When working on a new project, what are the first steps you take?
My approach to starting any new projects or series has changed with time. Initially, the most important thing for me was to “tune in” to a specific state of mind that allowed me to paint freely, responding intuitively to every decision during the creative process. Recently, I am trying to be more specific about ideas, distilling them into images that communicate more precise concepts without forcing the outcome. Flexibility is the key to find new ways to express how we feel. At this stage of my career, intuition, experience, concentration, knowledge and curiosity are the ingredients to my working method, and even at this point, there is no guarantee of success in each piece even using all these ingredients! Art is a mysterious thing! I truly believe that the first steps in the creative process come from the need to communicate something meaningful to us, without that need, paintings could become just images. Art happens when we manage to create life inside those images…
Do you change your techniques from time to time?
As a self taught painter, technique is a beautiful and painful journey through trial and error. Painting is also a wonderful way of discovering effects, colour, materials and techniques that match our temperament or our inner voice. As I learn, I change. My technique has evolved to accommodate the speed while working, the intensity of light or the sense of movement within abstract compositions.
What have been the highlights of your artistic career?
As painters, sometimes we are able to create paintings that truly reveal who we are and our deepest emotions, a highlight in our private life in the studio. However, there have been moments in my career when I felt that I was making true progress. My first solo show with Rosenberg & Kaufman Gallery was particularly exciting as it marked my debut in New York and the beginning of my international career, followed by a very special commission to celebrate the 75th anniversary of the iconic American composer George Crumb. We created a very large composition called “Masca” to be presented on the stage at the Symphony Space Theatre in Manhattan in collaboration with the fantastic International Contemporary Ensemble ICE. I also had a few opportunities to participate in auctions alongside many important artists whilst reaching important collectors. I also love to be part of the Dictionary of Art in Britain since 1945, an honour as a Spanish artist.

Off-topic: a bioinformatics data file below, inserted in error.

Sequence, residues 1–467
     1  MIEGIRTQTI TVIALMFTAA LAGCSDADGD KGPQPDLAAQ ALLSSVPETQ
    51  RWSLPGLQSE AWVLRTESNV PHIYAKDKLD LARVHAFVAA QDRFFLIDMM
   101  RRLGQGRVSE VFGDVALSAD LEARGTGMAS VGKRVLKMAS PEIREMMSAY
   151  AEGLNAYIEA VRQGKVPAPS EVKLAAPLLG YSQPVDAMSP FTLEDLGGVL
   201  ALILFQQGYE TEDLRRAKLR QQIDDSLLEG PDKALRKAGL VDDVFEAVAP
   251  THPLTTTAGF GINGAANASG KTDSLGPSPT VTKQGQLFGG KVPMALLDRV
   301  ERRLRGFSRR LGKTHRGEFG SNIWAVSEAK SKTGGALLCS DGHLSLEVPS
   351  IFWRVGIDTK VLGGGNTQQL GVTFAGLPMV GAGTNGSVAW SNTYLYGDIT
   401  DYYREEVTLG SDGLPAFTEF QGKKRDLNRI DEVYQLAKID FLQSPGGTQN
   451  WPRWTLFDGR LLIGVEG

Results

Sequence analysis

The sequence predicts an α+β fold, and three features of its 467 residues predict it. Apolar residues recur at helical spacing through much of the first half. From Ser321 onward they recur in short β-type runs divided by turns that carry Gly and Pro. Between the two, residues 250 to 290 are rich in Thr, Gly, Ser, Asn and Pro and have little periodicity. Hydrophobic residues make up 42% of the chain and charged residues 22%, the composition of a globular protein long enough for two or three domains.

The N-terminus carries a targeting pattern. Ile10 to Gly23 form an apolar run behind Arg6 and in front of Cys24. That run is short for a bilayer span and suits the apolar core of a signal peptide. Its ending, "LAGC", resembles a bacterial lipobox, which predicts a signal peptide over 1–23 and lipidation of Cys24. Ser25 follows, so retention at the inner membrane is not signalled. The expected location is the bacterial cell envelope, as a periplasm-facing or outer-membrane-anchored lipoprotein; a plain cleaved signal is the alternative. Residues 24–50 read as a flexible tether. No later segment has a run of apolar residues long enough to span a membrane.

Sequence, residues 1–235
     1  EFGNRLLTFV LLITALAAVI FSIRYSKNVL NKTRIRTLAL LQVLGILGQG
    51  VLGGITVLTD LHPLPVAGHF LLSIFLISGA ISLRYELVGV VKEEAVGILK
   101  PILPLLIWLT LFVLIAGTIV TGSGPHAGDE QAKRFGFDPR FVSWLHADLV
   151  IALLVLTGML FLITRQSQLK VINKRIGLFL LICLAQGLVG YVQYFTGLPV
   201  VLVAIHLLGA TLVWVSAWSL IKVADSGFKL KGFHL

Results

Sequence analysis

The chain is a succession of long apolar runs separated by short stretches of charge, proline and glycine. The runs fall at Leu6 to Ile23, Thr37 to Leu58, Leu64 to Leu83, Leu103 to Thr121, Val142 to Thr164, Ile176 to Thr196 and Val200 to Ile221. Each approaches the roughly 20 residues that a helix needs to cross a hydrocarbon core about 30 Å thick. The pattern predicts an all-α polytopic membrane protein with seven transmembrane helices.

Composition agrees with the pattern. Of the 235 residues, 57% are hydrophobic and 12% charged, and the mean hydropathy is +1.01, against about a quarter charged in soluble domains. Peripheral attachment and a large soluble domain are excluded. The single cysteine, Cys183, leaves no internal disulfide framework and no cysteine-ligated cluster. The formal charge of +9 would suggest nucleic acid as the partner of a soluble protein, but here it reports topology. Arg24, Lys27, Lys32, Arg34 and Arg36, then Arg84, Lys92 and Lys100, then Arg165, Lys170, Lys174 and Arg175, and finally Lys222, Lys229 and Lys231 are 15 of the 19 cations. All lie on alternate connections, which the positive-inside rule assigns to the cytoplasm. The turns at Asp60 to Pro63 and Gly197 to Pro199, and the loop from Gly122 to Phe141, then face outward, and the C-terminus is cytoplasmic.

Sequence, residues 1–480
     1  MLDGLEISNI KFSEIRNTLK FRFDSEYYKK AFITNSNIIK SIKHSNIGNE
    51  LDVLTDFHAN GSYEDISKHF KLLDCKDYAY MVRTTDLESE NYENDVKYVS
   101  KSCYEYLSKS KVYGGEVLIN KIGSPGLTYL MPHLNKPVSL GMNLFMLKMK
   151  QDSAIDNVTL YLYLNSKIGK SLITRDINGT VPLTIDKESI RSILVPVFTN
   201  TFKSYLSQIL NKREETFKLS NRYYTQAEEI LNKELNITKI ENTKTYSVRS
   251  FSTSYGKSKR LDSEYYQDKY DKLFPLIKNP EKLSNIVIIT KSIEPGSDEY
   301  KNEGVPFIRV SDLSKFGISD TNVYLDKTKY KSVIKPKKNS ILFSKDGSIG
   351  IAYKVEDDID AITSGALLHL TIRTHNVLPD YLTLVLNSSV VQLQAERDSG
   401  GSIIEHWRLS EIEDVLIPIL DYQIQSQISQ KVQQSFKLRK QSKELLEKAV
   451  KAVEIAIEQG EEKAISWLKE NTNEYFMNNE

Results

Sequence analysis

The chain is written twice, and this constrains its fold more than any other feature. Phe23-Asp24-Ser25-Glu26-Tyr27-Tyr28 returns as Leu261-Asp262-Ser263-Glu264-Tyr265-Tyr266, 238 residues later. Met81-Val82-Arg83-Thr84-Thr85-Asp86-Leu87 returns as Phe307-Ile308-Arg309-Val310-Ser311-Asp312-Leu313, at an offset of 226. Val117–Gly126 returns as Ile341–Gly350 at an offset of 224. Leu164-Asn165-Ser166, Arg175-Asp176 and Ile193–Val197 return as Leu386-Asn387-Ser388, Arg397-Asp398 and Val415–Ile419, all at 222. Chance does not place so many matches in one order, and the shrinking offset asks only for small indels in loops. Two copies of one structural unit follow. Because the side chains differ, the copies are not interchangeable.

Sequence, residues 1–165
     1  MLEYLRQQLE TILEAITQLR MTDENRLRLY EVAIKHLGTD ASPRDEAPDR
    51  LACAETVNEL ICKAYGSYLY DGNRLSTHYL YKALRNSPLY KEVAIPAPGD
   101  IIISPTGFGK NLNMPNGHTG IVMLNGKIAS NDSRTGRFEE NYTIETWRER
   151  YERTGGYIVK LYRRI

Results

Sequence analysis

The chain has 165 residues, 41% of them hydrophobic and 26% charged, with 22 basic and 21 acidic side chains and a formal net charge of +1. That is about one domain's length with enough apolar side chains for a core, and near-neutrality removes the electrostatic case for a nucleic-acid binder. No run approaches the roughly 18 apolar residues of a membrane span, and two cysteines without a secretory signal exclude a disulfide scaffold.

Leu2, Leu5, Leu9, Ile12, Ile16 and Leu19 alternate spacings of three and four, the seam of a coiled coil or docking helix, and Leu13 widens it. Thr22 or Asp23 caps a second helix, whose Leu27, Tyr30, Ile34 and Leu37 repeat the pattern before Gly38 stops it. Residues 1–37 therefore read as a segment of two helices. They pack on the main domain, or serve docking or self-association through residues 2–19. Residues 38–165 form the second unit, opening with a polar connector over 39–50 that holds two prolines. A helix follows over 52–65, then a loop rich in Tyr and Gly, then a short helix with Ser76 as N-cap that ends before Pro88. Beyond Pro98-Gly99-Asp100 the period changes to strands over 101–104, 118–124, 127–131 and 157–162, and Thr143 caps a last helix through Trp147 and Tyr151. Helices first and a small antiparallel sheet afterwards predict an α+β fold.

“Masca” at the Rosemberg & Kaufman Gallery, New York
What do you enjoy most about your work?
I feel really lucky to have this insatiable need to paint, a need that gives me a sense of direction, identity and enjoyment. Painting is a way of exploring life whilst producing visual landmarks within my own experience of the world. When I complete what I consider to be a good piece, I feel at the centre of my universe, a place that takes me forward in this extraordinary emotional journey. And then, when people respond to my work with passion and excitement, my vision feels complete and the need to go further increases. I enjoy learning, discovering, feeling moved and moving people, that is the most enjoyable part of my creative work.
Looking back at your earlier works, what do you think about them today?
I look at them with affection and curiosity, I can see how I am developing just looking back. Early work reflects who I was at a particular time, it shows both lack of technical ability and strength, passion and limitations at the same time. It shows truth but also the need to improve, always needing to improve to make progress!
Fernando Velázquez’s profile on Singulart:https://www.singulart.com/en/artist/fernando-vel%C3%A1zquez-1911